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Meet Isaiah Taylor '14: Leading a Diverse Future for STEM Research

March 18, 2024
By Archbishop Carroll High School

“Stand on the shoulders of giants” is a common phrase to anyone who is preparing to defend research or a thesis to earn an advanced degree. For Isaiah Taylor ‘14, that type of foundational support extends beyond his doctoral studies and into the future of the next generation of learners from underrepresented backgrounds.

Taylor researches the effects of microgravity on bone cells, working towards a PhD in molecular and cellular pharmacology at Stony Brook University. In addition to the challenges of conducting advanced research and maintaining a work/life balance, Taylor is one of the leading voices for diversity and inclusion on campus. Stony Brook’s most recent report says that approximately 12% of all of its students are African American, and Taylor says he is the only one in his PhD program.

Taylor receives the first Vertex Pharmaceutical Biomedical Science Career Scholarship in March 2023.

As president of Stony Brook’s Black Graduate Student Organization, Taylor leads the way in rebuilding the group’s impact on campus as it relaunched this past fall after the COVID-19 pandemic derailed much of campus life. He also works part-time for the DICE (Diversity, Intercultural and Community Engagement) Program in Stony Brook’s Division of Student Affairs. According to their website, DICE’s mission is to “provide programs to maintain an all-inclusive campus community where diversity is valued and celebrated, and where a positive campus climate is promoted. The office helps to foster a campus environment that is welcoming, nurturing, and supportive for all members of the university.” Taylor also served as peer mentor in the Office of Multicultural Affairs as an undergraduate at the University of Dayton.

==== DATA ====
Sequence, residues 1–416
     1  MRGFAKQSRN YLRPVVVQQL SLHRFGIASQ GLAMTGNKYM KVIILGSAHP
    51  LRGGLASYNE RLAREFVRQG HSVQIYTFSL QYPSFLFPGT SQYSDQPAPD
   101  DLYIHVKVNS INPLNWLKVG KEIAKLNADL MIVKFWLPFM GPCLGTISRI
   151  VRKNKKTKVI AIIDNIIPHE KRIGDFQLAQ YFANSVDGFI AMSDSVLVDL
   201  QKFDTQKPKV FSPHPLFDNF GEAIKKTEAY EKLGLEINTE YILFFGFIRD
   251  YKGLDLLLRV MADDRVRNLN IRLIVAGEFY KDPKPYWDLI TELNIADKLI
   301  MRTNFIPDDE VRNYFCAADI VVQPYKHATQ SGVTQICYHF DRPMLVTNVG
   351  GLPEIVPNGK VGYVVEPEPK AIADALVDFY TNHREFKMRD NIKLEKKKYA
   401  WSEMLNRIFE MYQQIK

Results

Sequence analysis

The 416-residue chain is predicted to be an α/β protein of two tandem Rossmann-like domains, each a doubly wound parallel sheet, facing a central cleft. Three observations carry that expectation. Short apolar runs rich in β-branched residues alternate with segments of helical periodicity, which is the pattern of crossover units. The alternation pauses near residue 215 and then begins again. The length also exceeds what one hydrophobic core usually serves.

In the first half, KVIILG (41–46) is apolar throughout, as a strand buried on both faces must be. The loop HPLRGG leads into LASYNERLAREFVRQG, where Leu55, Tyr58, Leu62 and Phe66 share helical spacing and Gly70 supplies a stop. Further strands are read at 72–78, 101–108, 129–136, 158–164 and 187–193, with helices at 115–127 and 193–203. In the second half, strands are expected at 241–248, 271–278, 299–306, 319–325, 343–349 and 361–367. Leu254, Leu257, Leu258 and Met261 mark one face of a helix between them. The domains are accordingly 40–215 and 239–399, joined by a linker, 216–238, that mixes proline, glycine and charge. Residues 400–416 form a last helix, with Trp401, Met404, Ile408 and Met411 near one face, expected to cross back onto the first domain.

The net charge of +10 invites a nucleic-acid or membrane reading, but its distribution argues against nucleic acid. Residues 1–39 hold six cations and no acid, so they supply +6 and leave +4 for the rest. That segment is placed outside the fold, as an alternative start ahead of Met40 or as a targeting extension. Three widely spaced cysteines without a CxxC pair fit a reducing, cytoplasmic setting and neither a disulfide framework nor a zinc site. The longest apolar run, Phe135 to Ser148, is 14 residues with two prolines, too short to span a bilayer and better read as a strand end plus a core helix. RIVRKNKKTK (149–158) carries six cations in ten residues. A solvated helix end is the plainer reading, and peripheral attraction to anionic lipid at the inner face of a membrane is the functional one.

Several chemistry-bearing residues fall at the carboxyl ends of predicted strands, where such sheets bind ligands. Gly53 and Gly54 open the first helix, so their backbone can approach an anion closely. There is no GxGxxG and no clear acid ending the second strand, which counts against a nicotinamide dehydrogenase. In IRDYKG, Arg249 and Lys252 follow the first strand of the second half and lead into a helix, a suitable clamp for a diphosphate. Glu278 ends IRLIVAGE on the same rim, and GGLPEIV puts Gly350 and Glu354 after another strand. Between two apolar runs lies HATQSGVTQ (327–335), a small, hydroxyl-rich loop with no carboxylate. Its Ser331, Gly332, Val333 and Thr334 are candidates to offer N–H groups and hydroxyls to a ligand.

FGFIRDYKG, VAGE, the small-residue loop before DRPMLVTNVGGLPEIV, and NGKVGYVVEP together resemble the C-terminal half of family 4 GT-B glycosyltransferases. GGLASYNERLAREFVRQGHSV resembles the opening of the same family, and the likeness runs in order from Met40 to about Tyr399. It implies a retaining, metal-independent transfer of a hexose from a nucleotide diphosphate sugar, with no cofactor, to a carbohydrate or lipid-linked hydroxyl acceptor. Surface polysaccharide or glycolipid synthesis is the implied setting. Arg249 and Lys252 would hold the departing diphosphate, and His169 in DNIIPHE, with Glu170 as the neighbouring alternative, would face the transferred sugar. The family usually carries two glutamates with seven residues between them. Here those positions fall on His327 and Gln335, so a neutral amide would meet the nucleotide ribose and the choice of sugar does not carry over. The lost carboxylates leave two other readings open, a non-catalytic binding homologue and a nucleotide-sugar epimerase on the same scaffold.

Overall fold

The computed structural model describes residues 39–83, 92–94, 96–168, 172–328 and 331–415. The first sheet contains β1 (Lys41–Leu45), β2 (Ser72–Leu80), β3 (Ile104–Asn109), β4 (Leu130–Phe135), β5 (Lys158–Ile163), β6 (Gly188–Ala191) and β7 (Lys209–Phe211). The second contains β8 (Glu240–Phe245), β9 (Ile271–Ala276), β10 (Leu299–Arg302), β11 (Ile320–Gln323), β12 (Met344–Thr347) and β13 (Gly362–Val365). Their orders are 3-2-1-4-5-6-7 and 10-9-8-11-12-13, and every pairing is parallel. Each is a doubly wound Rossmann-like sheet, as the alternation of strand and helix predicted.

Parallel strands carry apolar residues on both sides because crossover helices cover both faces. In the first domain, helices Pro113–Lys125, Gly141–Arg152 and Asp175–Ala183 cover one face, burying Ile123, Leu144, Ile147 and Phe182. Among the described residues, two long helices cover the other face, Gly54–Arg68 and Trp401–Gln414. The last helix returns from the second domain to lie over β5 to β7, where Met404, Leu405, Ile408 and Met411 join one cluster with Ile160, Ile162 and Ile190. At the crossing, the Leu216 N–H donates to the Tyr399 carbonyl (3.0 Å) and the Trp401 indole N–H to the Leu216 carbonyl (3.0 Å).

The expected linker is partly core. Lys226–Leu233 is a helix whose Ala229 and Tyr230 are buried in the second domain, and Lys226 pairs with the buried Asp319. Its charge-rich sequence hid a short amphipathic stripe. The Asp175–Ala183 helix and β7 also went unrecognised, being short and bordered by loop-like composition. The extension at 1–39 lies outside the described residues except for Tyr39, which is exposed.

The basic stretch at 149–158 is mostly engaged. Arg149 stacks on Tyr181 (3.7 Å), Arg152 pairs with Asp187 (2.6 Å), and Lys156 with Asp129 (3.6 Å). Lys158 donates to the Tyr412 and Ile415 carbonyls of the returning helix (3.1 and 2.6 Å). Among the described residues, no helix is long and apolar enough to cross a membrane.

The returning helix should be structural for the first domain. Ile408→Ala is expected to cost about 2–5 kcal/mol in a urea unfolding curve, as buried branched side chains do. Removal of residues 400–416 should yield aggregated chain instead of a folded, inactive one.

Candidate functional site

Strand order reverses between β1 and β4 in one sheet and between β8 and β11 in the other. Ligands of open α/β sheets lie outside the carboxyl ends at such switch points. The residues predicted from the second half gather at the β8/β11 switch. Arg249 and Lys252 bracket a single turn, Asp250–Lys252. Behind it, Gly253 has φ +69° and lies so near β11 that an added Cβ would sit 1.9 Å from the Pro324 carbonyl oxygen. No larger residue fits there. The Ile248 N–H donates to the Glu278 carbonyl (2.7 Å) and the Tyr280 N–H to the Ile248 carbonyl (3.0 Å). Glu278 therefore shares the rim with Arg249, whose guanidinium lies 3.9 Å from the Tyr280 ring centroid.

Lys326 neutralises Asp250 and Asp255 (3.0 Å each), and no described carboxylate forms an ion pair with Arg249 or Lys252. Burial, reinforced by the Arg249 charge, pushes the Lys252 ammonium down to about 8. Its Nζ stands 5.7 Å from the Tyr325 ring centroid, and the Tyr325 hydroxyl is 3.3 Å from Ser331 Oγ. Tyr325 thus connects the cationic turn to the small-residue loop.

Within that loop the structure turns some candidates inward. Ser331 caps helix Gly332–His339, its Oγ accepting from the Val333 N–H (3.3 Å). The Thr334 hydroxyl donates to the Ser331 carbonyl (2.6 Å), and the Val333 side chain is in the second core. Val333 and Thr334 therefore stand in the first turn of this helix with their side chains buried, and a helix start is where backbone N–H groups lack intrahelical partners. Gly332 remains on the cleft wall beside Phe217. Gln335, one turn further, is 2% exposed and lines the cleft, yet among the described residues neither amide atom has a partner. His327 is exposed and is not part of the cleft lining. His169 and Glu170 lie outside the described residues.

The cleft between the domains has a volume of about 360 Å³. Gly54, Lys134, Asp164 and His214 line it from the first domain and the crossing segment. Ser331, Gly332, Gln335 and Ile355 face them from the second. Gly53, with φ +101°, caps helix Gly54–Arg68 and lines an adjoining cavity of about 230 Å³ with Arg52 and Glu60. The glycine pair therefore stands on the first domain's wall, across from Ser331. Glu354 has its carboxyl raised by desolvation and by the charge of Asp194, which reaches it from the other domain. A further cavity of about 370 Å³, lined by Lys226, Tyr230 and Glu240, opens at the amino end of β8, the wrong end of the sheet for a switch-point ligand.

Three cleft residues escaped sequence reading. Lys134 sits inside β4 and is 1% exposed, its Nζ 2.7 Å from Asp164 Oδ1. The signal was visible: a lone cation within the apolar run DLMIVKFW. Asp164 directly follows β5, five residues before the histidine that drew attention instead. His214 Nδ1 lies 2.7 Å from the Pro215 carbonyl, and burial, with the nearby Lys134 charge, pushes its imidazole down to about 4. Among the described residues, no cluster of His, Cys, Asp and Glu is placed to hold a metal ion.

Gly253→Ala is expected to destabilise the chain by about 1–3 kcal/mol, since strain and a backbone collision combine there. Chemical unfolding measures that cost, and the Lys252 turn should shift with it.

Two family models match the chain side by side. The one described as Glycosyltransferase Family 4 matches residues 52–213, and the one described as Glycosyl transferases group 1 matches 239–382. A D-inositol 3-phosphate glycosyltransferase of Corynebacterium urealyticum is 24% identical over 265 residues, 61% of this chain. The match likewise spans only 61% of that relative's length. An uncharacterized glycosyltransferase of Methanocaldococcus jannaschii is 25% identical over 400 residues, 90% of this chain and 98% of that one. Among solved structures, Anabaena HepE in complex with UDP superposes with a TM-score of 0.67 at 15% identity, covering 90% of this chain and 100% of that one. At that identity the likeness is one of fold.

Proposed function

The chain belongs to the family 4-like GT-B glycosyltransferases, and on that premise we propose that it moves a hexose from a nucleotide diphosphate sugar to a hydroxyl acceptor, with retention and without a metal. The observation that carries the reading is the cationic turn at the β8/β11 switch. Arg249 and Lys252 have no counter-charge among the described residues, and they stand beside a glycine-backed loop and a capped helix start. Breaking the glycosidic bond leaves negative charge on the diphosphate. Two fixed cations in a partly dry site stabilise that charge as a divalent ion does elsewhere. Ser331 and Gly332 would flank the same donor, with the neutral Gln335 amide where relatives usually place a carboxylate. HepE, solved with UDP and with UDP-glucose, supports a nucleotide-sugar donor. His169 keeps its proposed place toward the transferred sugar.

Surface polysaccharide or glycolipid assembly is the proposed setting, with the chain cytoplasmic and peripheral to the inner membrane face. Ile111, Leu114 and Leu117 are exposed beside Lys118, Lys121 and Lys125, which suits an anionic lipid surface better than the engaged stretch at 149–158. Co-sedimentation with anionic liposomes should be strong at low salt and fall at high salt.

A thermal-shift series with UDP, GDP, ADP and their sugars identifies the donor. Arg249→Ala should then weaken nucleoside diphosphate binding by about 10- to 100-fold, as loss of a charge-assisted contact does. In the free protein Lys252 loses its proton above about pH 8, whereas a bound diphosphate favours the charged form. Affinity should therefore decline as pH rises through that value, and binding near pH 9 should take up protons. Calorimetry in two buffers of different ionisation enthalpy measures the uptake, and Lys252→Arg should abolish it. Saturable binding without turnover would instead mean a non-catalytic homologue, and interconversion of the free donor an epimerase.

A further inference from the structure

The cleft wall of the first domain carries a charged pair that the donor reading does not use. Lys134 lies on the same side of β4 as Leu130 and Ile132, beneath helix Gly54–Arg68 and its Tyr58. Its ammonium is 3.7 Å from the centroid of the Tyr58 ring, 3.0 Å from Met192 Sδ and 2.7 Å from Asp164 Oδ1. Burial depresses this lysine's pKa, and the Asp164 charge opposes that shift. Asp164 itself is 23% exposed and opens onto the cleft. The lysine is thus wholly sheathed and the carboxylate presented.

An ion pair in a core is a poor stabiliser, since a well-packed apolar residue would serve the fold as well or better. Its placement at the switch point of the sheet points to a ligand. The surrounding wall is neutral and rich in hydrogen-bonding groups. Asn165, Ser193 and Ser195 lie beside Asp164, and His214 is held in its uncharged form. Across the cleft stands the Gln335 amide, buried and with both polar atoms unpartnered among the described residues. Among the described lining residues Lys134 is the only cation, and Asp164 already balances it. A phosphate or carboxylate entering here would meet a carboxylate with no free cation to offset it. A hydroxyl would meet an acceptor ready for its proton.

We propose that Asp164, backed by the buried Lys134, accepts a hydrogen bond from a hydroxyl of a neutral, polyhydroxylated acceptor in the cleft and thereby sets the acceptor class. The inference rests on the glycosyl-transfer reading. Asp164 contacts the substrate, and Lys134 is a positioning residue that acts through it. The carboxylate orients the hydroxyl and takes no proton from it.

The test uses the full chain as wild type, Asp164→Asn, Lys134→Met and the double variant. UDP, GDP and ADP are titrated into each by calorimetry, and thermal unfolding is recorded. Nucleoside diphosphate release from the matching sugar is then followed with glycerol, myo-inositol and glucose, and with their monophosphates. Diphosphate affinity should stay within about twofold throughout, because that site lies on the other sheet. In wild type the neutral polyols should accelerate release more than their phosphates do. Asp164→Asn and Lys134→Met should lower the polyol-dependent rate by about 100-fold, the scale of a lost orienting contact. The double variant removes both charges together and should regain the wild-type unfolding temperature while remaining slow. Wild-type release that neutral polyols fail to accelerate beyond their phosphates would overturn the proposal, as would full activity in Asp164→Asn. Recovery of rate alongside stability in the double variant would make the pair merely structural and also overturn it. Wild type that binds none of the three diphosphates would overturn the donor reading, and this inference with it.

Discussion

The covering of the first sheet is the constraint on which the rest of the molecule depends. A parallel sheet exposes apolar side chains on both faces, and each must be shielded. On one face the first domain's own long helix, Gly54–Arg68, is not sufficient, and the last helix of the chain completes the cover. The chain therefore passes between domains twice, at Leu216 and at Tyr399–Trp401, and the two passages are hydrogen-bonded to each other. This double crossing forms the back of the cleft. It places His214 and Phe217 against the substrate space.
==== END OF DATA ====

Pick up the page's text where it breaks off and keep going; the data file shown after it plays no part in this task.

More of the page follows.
Building relationships and providing an example for young learners of all races is of the utmost importance to Taylor after experiencing the impact a mentor can have.

“About two summers ago, I got to participate in this program called Scientists in Mentoring. It was a diverse and inclusive program, and I got a mentor from Johnson & Johnson who told me about her path. She helped me figure out where I want to go after graduation. That program helped me realize that no matter where I’m working, I still want to be involved in some sort of diversity and inclusion program. There should be more people of color in graduate schools and professional schools. It’s very important for development starting from a young age. A lot of schools are predominately white institutions, so having representation is important because kids now and in college want to see an example. If there is no representation in these roles, maybe they get discouraged or have impostor syndrome. It’s important for us growing up and even in college to see other people do it.”

Taylor '14 presents research at the American Society for Gravitational Research in 2022.

Providing opportunities to build a network of peers can lighten the burden of managing difficult classes, long days of experiments and research in the labs, and the stresses of daily life. Taylor says his time playing sports and participating in clubs as a student at Carroll provided him with a sense of belonging as a teenager and provided a sense of belonging in the community. Taylor also carries the academic and spiritual foundations of a Carroll education with him to this day. He credits his difficult course load from high school with giving him an edge once he arrived in college. His faith is reflected in the work he does outside the research labs to bring about positive change and a more just society. Ensuring that diversity and representation are present in daily life are critical pillars of Catholic Social Teaching, and Taylor says that all institutions, including the church, must continue progressing with those values at the forefront of their missions.

Editor's Note: This article originally appeared in the Spring 2024 Edition of Reflections.  Click here to read the rest of the publication.

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